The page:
Are you going for a banking interview? Do you intend to achieve a job offer as a result? If so, you'll need to ask some questions of your own when the interview comes to an end. Interviewers frown upon unprepared candidates who don't display inquisitiveness about the role.
However, asking questions at the end of an interview isn't always easy. If you're too probing, you will seem aggressive. If you're too banal, you will seem bland.
This is what we suggest:
Ask questions that give your interviewer an opportunity to talk about themselves
People in banking love talking about themselves. For your first question, it's therefore a good idea to get your interviewer on your side by giving them a chance to discuss their job. If you're interviewing for an M&A role, for example, you could say, "I have seen that your firm/team has advised on n deal XYZ, could you tell me a bit more about that deal and its dynamics?"
This applies equally if you're interviewing for a role in risk, finance, or regulation. Find out about the issues the firm's facing, and ask your interviewer about the work that he or she specifically has been doing in relation to them.
In all cases, you need to keep your questions positive: avoid framing queries in a negative way. The trick is to ask positive questions that can't be answered with a simple 'yes' or 'no.' (Eg. Don't say, "I know you've had some problems with regulators - is that going to be an issue if I join this team?, do say, "How has the intervention of the regulator changed the way the team works. Can you run me though the ways it's made your role more interesting?").
If you can't think of anything informed to ask about the role you're interviewing for, you can always ask something open-ended about what it involves. The most standard version of this is something like, "What's a typical day like for an analyst."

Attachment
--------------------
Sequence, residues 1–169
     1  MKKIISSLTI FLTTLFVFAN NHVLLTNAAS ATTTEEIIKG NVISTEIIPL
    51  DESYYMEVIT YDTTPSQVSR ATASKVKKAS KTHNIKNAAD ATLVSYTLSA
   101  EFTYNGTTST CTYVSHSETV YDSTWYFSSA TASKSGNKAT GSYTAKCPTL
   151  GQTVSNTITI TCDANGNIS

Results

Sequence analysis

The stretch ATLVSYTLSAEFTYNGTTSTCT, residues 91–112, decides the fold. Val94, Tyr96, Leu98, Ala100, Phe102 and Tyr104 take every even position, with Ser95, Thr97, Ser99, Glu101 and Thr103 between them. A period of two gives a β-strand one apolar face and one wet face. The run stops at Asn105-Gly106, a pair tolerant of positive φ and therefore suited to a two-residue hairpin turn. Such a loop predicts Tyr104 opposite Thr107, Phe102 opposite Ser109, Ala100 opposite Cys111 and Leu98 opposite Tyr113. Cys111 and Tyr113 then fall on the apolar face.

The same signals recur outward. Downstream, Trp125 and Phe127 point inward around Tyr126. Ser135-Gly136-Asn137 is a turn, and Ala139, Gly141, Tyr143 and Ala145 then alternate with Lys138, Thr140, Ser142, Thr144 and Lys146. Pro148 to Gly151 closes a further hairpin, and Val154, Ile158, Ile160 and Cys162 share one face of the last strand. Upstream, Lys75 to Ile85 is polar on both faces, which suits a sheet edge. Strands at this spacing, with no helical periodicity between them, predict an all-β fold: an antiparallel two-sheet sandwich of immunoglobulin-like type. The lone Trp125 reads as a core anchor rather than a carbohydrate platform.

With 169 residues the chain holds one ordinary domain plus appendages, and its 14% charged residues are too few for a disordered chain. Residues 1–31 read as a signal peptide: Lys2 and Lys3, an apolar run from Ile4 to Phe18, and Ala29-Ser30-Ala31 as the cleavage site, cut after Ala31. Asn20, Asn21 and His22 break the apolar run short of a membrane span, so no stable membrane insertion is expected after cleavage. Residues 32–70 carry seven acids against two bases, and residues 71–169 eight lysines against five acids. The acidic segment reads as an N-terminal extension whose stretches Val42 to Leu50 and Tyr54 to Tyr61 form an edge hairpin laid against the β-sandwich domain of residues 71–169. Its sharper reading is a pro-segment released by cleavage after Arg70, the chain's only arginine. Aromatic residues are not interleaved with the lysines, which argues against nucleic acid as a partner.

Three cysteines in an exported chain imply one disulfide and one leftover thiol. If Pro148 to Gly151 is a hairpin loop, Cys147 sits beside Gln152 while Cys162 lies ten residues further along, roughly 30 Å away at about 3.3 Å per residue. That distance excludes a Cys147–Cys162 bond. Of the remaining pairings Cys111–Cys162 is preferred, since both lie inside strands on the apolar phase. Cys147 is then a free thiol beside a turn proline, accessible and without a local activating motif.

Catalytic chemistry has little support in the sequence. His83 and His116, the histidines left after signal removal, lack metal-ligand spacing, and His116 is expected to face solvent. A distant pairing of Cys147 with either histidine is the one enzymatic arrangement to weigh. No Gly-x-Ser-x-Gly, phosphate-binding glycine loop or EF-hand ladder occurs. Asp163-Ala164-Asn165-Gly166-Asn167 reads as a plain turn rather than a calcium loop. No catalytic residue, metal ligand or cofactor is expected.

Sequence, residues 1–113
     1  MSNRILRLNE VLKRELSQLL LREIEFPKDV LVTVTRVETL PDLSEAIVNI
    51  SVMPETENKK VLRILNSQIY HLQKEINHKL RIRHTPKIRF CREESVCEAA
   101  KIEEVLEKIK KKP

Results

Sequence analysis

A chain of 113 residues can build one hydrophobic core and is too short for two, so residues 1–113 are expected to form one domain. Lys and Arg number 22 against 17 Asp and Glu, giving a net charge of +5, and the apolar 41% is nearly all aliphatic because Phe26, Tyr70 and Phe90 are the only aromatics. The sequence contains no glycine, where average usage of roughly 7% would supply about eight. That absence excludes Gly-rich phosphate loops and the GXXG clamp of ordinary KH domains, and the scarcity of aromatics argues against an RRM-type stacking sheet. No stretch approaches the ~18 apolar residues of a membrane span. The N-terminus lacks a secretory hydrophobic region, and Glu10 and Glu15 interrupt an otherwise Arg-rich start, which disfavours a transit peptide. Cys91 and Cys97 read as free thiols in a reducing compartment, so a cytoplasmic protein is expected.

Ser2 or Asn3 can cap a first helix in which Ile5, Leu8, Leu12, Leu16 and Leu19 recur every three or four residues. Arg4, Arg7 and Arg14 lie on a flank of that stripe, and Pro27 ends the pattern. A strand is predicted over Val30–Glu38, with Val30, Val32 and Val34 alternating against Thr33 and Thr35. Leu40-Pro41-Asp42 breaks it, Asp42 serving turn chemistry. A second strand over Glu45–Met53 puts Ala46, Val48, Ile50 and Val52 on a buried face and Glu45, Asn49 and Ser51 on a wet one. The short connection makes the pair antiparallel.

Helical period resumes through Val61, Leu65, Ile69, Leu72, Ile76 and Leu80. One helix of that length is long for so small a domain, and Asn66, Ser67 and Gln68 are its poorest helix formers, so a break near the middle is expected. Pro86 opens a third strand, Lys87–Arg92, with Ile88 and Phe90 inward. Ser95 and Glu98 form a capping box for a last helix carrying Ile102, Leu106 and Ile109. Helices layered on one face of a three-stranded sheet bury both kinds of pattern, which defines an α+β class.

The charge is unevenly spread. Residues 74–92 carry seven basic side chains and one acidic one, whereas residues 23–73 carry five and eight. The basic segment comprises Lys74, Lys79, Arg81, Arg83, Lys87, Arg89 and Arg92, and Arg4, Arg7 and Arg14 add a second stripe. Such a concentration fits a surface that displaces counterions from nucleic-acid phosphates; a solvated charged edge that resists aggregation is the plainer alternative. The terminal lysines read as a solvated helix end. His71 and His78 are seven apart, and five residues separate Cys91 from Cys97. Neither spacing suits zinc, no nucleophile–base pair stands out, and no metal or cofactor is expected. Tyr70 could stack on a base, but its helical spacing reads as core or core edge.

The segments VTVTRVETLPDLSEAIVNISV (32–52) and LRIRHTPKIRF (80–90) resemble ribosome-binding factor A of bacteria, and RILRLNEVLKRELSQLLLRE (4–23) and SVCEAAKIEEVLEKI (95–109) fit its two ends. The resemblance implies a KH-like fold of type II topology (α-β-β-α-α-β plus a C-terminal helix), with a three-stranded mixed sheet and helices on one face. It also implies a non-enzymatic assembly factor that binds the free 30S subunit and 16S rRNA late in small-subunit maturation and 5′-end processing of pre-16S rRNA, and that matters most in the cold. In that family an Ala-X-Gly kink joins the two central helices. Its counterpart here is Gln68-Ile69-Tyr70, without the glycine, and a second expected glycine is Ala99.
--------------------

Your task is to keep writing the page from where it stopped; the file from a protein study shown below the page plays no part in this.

Ask questions that give your interviewer a chance to discuss strategy
You should also ask positively-framed questions about the strategy and future of the business. You need to show that you've done your homework - don't ask obvious questions that can be resolved after two minutes on the company website.
For example, you might say: "I saw in the news that you've gained market share in X division. What's your strategy to build upon that growth? What's your competitive advantage?"
The more senior the position you're going for, the more detailed the strategy-related questions you will need to ask. Again, ensure you frame any questions positively. Negative questions about strategy will do more harm than good. Do not put your interviewer in a defensive position.
If you're going into a senior role, you need to show that you understand the issues and can help resolve them in a positive way. By asking positively framed questions about a particular firm and a particular business, he says that you can help demonstrate why you want to work for that firm instead of others.
Ask questions about the long-term future of the role.
You can use the questions to signal that you plan to stick around. Ask things like, "If I move into this role, what would success look like in 12 months' time? How might I expect my position in the company to evolve? What do you see as the biggest challenges for the business over the next two years?"
Ask who they really want to hire
It can help to ask what sort of qualities the business really wants in a new recruit, Hatz says. You can phrase this as,"What's the key strength you like to see a candidate bring to the role." Or, "What would it take to convert this internship into a full time job?"
Ask your interviewer careful questions about the firm
These can be difficult questions to ask, so use judgement. - If you've built a rapport with the interviewer, they're not acceptable. For example, you might want to ask the interviewer what their experience of the firm is, or how it varies from a larger bank they worked for previously. More general questions in this genre include: "What have you learned since you started doing this job which you wish you knew at the start?", "What makes you successful at this firm?", "What do you like most about working here?"
Ask what they don't know
You can also use your questions to help your interviewers fill in any gaps. Ask them if there's anything else they'd like to know about you, whether there are any areas you haven't, "covered sufficiently", whether there's more they need to know. This can help cover unresolved issues and unearth areas where they think you may be weak.
Ask where you stand
Don't ask whether you've got the job, but do ask questions that probe where you stand in the hiring process. Its fine to ask, "Is there any feedback you can give me at this stage?", or, "Are you interviewing many other candidates for this job?", and, "Can you let me know where are you the hiring process...?"
Photo by Andrea Piacquadio
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